Retooling the traditional public library for a more technically savvy populace is no small feat, especially when library budgets across the U.S. have been gutted these past few years.
That sad state of events has forced some libraries to take matters into their own hands. Consider the case of the Northlake Public Library in Northlake, Illinois — it wants to give its community (and especially the town’s children) access to a slew of new digital creation tools to help inspire the next generation of makers and artists, and it’s decided to turn to Indiegogo in hopes of making it happen.
All told, Northlake trustee Tom Mukite is looking to raise $30,000 to outfit the library with an iMac, a drawing tablet, a Wacom Cintiq display, a fancy lightbox, and (perhaps most tantalizing) a 3D printer for youngsters and local makers to feed their projects to.
In a bid to attract younger would-be readers, Mukite says the staff is also planning to use the funding to expand the library’s cache of graphic novels — there’s been plenty of debate about the value of these highly visual tomes as motivators for childhood and adolescent literacy, but the folks in Northlake firmly believe that they’ll help get reluctant readers devouring content as well as help improve language skills for non-native English speakers.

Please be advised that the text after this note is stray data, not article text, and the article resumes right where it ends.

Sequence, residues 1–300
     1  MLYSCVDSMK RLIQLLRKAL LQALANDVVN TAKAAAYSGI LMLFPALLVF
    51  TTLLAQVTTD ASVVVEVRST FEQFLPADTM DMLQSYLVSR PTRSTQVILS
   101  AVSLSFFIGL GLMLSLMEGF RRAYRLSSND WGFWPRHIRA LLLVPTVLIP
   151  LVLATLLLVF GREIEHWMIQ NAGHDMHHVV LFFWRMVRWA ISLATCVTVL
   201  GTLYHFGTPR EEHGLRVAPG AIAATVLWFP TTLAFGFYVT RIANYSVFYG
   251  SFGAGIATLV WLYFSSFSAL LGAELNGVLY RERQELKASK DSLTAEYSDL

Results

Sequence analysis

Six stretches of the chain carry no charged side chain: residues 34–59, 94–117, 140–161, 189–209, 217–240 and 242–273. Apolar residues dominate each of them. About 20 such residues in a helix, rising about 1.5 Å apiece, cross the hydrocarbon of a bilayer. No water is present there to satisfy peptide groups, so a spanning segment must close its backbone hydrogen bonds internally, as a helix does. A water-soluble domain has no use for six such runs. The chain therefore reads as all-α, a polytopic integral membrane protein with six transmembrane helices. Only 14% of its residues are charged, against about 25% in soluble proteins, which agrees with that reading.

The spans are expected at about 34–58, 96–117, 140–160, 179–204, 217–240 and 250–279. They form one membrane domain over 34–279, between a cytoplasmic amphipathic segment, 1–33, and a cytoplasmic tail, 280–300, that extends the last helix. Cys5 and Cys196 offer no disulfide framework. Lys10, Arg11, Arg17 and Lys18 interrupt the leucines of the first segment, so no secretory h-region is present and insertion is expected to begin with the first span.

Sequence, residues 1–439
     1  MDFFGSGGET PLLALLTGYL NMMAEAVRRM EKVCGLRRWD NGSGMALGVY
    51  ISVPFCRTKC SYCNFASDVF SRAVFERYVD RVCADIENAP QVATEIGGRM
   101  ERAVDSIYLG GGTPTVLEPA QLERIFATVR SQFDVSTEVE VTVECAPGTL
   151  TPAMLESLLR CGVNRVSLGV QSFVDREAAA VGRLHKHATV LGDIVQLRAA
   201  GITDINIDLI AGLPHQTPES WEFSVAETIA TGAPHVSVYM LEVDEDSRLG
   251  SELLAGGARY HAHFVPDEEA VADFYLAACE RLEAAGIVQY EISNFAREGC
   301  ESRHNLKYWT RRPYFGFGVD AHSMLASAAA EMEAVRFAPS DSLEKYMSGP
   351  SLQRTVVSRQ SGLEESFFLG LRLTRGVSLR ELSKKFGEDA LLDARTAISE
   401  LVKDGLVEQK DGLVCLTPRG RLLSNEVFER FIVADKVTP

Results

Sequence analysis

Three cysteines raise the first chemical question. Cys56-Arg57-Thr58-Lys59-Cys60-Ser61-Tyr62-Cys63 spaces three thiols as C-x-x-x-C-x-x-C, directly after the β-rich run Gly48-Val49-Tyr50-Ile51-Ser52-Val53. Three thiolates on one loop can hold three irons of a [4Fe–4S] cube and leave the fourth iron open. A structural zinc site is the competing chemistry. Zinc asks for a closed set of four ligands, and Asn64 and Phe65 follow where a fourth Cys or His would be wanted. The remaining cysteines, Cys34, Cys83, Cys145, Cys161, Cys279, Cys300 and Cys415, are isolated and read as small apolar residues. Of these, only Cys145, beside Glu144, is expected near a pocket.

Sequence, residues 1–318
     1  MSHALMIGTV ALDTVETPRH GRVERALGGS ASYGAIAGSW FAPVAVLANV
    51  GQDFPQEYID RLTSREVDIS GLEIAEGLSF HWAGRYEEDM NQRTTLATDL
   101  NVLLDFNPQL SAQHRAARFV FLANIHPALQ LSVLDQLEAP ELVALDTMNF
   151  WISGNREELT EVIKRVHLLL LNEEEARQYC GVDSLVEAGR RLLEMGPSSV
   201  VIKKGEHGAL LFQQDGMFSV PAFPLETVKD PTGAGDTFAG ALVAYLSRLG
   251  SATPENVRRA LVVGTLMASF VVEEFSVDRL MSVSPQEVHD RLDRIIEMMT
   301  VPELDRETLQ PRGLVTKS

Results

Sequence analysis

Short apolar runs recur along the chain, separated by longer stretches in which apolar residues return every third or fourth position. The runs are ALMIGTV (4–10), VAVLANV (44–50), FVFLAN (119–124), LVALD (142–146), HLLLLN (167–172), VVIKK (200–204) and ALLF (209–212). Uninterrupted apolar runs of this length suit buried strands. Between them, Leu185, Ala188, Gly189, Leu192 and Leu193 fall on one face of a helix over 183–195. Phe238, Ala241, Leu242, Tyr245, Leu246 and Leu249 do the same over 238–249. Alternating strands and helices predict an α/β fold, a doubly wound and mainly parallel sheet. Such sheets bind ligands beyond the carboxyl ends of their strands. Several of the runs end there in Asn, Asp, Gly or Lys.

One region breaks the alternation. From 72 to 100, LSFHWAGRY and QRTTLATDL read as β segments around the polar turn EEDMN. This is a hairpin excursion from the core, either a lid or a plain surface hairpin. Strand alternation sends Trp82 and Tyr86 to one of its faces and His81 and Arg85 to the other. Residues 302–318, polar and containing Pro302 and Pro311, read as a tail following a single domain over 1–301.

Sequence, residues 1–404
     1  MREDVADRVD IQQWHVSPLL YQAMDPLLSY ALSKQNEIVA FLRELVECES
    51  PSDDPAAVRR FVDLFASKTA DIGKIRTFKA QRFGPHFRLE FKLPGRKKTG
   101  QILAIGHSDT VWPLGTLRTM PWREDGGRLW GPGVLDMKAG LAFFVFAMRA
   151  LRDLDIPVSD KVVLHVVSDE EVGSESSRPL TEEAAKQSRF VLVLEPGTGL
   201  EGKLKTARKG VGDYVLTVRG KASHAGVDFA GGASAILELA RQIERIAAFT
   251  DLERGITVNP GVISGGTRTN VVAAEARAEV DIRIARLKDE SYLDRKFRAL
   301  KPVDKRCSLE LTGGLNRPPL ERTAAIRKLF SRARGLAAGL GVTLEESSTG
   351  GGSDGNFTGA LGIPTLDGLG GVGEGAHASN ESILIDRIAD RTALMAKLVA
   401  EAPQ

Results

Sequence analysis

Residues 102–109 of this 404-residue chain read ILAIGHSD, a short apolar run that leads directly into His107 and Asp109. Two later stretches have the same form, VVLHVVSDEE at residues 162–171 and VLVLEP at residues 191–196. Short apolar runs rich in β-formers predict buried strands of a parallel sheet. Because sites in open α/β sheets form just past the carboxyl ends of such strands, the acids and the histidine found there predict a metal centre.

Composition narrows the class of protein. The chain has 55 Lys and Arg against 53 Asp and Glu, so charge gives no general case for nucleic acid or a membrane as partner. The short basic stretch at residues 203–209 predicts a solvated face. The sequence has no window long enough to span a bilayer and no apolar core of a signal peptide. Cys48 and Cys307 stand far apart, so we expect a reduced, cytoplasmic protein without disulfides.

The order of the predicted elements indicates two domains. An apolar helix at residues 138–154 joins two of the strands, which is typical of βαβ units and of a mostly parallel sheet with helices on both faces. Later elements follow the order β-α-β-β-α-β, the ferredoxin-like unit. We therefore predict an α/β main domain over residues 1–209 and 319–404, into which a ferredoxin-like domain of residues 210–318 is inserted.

Oh, and then there’s the pièce de résistance — a nine foot tall statue of Dr. Bruce Banner’s green alter-ego hulking out, again meant to attract the kiddies. I’ll admit I don’t really get that part, but then again I was the sort of kid who needed to be carefully coaxed out from among the stacks anyway.
It’s not exactly the first time we’ve seen the crowdfunding model applied to spreading literacy — Cassandra Elton and a group of fellow University of Iowa students used Indiegogo to turn a wild-eyed idea into the roving Antelope Lending Library earlier this year even though they missed their funding goal by some $7,000. Northlake’s creation-friendly angle is an intriguing one — I can’t think of any child who wouldn’t like to see their doodles converted into a real-life action figure, and hooking these kids on the joys of making things could help inspire a new generation of designers, entrepreneurs, and engineers.
[Image via the Metropolitan Library System]